Arthur Webster Newell was a man of good Chelsea stock, and just before midnight 100 years ago this coming Saturday, he stood amongst complete madness on the deck of the infamous RMS Titanic ocean liner – helping get his two daughters safely into lifeboats as the gigantic steel vessel sank into the cold North Atlantic.
Sadly, there was no lifeboat available for the rags-to-riches Chelsea native, and he was one of many who perished in the most heralded sinking ship catastrophe in human history – a tragedy that will mark its 100th anniversary this Saturday.
Newell and his daughters, Marjorie and Madeleine, had been returning from a long trip to the Middle East. They had boarded the Titanic in France as first-class passengers and were set to make history on the behemoth’s maiden voyage and return to their home in Lexington.
That night, Newell had been awakened suddenly by a booming sound as the ship fatally struck an iceberg around 11:40 p.m. on April 14, 1912. Newell was staying in cabin D-48 and rushed to get his daughters out of their neighboring cabin.
He ordered them to dress as quickly as possible and take nothing with them. Sensing danger, he took them to the deck of the ship and saw a lifeboat launch into the sea amidst the chaos of passengers running and screaming. He put his two daughters on the Lifeboat #6 and it was shortly launched as well.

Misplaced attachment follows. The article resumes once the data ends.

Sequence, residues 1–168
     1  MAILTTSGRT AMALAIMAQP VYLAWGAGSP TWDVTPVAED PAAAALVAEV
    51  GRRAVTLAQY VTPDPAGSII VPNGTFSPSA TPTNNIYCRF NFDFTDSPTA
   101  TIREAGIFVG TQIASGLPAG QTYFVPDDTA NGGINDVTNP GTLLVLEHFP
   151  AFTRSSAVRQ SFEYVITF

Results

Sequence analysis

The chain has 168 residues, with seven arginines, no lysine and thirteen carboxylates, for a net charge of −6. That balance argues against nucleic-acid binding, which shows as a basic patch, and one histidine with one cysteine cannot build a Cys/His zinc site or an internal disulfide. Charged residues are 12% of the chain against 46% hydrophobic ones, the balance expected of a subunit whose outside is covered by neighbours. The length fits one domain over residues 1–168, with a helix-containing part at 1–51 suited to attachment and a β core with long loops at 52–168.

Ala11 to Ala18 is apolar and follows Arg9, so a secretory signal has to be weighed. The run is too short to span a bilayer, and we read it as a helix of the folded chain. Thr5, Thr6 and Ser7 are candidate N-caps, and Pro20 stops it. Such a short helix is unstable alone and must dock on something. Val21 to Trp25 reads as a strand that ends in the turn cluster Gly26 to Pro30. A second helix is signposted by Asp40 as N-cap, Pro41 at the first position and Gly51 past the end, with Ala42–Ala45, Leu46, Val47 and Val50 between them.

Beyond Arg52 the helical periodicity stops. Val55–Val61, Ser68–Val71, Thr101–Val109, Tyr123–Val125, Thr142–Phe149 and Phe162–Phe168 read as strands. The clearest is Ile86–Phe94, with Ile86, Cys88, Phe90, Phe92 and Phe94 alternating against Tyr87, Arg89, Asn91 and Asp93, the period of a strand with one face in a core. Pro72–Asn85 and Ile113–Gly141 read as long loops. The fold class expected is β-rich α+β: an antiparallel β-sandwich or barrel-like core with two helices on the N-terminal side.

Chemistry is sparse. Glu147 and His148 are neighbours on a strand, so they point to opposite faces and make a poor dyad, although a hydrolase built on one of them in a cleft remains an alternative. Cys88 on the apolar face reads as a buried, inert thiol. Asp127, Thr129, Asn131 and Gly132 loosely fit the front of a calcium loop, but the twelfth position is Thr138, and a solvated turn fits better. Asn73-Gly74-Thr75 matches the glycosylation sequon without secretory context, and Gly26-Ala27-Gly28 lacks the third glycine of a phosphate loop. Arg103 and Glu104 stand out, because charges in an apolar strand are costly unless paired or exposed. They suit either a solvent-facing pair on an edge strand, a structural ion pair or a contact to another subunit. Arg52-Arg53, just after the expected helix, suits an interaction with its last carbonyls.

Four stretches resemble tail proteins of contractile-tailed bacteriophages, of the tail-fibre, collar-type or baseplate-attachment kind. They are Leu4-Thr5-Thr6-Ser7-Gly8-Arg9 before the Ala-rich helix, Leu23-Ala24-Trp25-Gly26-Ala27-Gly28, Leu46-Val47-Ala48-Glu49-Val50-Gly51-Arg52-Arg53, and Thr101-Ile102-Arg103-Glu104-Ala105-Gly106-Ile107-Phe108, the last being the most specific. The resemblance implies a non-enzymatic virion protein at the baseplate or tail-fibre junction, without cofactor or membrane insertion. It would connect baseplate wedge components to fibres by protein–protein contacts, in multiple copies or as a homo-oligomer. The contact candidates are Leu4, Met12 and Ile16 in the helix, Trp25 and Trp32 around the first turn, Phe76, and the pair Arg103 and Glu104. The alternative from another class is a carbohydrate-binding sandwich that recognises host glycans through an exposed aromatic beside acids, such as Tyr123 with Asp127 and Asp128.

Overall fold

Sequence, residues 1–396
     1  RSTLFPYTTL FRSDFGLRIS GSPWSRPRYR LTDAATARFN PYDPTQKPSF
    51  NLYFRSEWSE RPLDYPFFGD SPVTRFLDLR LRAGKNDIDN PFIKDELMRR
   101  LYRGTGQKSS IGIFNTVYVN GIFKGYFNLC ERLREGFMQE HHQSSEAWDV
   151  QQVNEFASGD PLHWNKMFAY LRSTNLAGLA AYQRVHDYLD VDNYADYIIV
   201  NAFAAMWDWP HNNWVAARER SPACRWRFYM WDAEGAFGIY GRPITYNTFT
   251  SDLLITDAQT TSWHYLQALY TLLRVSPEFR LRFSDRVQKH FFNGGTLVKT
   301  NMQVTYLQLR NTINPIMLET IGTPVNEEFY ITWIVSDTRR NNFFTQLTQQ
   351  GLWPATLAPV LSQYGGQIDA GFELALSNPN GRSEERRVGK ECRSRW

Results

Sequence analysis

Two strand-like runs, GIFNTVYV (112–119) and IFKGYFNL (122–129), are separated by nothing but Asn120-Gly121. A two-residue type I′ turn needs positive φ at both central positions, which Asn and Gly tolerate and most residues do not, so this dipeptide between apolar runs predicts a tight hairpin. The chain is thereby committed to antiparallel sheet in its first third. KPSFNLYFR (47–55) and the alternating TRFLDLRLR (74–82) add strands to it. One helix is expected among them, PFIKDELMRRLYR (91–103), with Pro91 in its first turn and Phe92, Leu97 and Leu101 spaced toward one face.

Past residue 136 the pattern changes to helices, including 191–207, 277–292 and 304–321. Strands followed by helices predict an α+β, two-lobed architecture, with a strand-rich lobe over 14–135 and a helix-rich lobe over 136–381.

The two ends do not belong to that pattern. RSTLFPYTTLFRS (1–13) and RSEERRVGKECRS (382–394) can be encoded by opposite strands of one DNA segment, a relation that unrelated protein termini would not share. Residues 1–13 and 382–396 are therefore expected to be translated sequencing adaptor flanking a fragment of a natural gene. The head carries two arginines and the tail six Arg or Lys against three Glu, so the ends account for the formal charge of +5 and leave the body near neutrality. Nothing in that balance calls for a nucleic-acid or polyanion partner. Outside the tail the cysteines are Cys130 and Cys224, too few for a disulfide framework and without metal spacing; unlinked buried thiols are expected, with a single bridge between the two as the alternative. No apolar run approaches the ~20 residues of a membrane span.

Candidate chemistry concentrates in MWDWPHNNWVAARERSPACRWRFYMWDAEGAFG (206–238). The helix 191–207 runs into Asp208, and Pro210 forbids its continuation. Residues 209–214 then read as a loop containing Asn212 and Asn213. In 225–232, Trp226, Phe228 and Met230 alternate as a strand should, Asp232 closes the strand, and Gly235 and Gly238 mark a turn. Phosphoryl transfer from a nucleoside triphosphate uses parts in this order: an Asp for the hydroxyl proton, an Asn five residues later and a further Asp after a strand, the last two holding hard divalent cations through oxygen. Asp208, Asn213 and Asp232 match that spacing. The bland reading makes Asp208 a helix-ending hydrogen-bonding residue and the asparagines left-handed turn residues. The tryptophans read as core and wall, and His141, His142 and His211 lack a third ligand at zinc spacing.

Newell did not get a spot on any of the lifeboats, and it was the last time his daughters ever saw him. It is not known what happened to him during his last hours on the ship, whether he helped others in acts of bravery or whether he was quickly thrown into the sea.
Nearly everyone on the ship – including Newell – lost their lives that night.
His story is chronicled in the 2006 book ‘A Night Like Any Other’ written by his granddaughter, Madeleine Crowley, as told to her by her mother, Newell’s daughter Marjorie.
“I’ll never forget the screams of the drowning people,” she is quoted as saying.
According to information from the Chelsea Historical Society, Newell was born in Chelsea on Jan. 30, 1854.
Newell was born into a modest home and he married Chelsea native, Mary Greely. They remained in Chelsea and started their family here, having their first two children grow up in the city.
Newell had gotten an entry-level job as a bookkeeper in the Fourth National Bank of Boston. He showed promise and worked his way up the ranks – eventually becoming a top official in the bank and a prominent banking presence for all Boston.
He was noted for being direct and truthful.
When his third child, Marjorie, was born 1889, the family moved out to Lexington.
Marjorie was one of the few persons to escape the Titanic, and spoke highly of her father many years after his death.
“[His] inner clarity of spirit made him a keen judge of honesty and reliabilty in others,” she is quoted as saying. “His character appeared distant in his social circles, and his companions were few, but close.”